Clinical Trial Therapies

KevinM

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Hi everyone. I was looking at the ongoing and soon-to-begin clinical trials, and was certainly impressed by the number of proposed treatments being evaluated.

I was wondering if anyone here with a much deeper knowledge of biochemistry and who may have done a much more in-depth evaluation of the various treatments and early test results has an opinion on whether any therapy to treat sporadic ALS stands out to you as holding more promise. There seems to be several very exciting therapies moving forward for familial ALS, but sporadic ALS appears to be a much more challenging nut to crack in many ways.

I am not asking this so that I can rush to enroll, though I understand the argument that participating an any trial helps further research whether or not the treatment proves effective. I’m just looking for any reason to feel mildly optimistic.

We all know about AMX0035, CuATSM, and NurOwn, but there are so many other trials that I get lost trying to evaluate their potential. I’m very aware that early results can be misleading and most will fail on either safety, efficacy, or both, but I’d love to hear anyone’s thoughts. Thanks, Kevin
 

Nikki J

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There are 5 drugs currently in phase 3 I think including one of the platform trial drugs. Anything that made it to phase 3 has some decent amount of hope.

generally I think trials are more promising because we understand the pathophysiology better even in SALS. Not everyone is going to benefit from the same therapy though. Some target inflammation and not all PALS have that as a major factor for example. Biomarkers are going to make for better trials. I think having frs as a primary endpoint is going to be outmoded soon fortunately

genetic research can help SALS too. right now there is an aso designed to work on ATXN2 that is believed to help SALS potentially. There is a c9 trial in the works to target TDP-43 a factor in c9 ALS that is also found in many SALS.

however the way answers get found is if people who are able step up for trials and observational studies. Observational studies are key to biomarkers. I am in one study at mgh where they think they have identified a biomarker that could cut a trial for an inflammation targeting drug from 6 months / 200 participants to 8 weeks/ 30 participants
 

KevinM

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Very helpful. Thanks Nikki.
 

Ed340hp

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If you are contemplating entering a trial, first understand most trials have a 24 month cutoff from diagnosis to qualify. If March 2019 is your diagnosis, you may only have the next few months to enter a trial.

If you have a choice of trials, decide if you want to test biochemistry treatments (drug/supplement compounds) or genetic treatments (CRISPR, for Familar ALS, etc.). Your Neurologist should be able to help decide what may help the most (for you, and for research).

Five years ago treatment research was more focused on a single (patent potential) compound or peptide to improve cell life or mitochondria function. Now it is fairly accepted a cocktail of compounds will be needed to improve function or to suppress what triggers neuron death.

In the long term, as trials come and go, you may want to read up on what supplements are common to slow progression PALS. Only a very few research studues look at slow progressing PALS to identify what may work to slow progression (a big hole missing in ALS research). One 2018 study to download and read is: https://www.tandfonline.com/doi/full/10.1080/21678421.2018.1457059

The odds of taking curcumin, luteolin, cannabidiol, azathioprine, copper, glutathione, vitamin D, and fish oil were higher for cases than for controls. It is possible that a reporting or selection bias existed for cannabidiol in controls, as substance misuse would have excluded participants from at least some of the trials included in PRO-ACT. Associations do not prove causation. However, the eight therapies identified here are particularly interesting because they have plausible mechanisms by which they could influence ALS. For example, luteolin, glutathione, and vitamin D attenuate oxidative stress and fish oil, cannabidiol, and azathioprine reduce inflammation (17–22). Additionally, each therapy identified here was temporally associated with at least two reversals. These therapies should be further evaluated in prospective studies.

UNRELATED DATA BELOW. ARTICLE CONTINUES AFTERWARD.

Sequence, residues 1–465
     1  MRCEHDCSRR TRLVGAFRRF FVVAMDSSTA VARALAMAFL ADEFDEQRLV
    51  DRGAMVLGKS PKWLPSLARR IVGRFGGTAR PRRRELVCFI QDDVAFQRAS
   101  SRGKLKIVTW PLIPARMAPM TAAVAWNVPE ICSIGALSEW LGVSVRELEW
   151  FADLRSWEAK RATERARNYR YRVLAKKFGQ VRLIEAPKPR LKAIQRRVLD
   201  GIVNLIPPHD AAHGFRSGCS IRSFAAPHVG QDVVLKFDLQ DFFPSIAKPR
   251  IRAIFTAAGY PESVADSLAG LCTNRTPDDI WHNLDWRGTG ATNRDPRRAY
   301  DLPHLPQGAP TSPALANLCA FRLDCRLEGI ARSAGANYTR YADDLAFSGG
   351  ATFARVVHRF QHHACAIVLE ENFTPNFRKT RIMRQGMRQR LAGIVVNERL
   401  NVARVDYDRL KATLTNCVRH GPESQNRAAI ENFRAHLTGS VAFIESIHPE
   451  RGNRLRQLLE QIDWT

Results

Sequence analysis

More recent anecdotal research adds TUDCA as a potential supplement therapy, because it and curcumin enhance liver and kidney function (that may be needed to allow cell division waste and inflamation that is toxic to neurons to be removed). Copper is included because it is needed for the body to make it's own CuASTM (and depleted copper values in blood work is common in PALS).

Money drives research, both to conduct research and the payback goal of a marketable treatment with a patent. Supplements do not have patent potential, so most past research ignored their use in trials cocktails (and AMX0035 success will hopefully change that mindset).

Trial choices that welcome supplement use with a compound designed to trigger neuron health or suppress neuron death would be high on my list of candidates (IMO, if I were not already disqualified for living well past five years from diagnosis).
 

lgelb

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To clarify for those not aware, TUDCA is one of two ingredients in AMX0035, the other being sodium phenylbutyrate to improve uptake of TUDCA.

As for supplements, new formulae are certainly patentable and this happens often. The supplement market is huge and largely unregulated. In addition, several compounds beyond AMX0035 have been formulated into new prescription-only compounds by large pharmaceutical manufacturers. If anything, it's the dismal record of rx trials, exacerbated by the limitations of the ALSFRS, that has fueled interest in repurposing, mixing and matching supplements in ALS. However, there is a lot of quackery involved, e.g. "ALS" or "neurodegenerative disease" combinations that are helpful only to the manufacturer's bank account.

I would also caution anyone, as always, against taking a handful of everything listed in the linked article. Interactions, the energy it takes to metabolize supplements], and side effects are all real.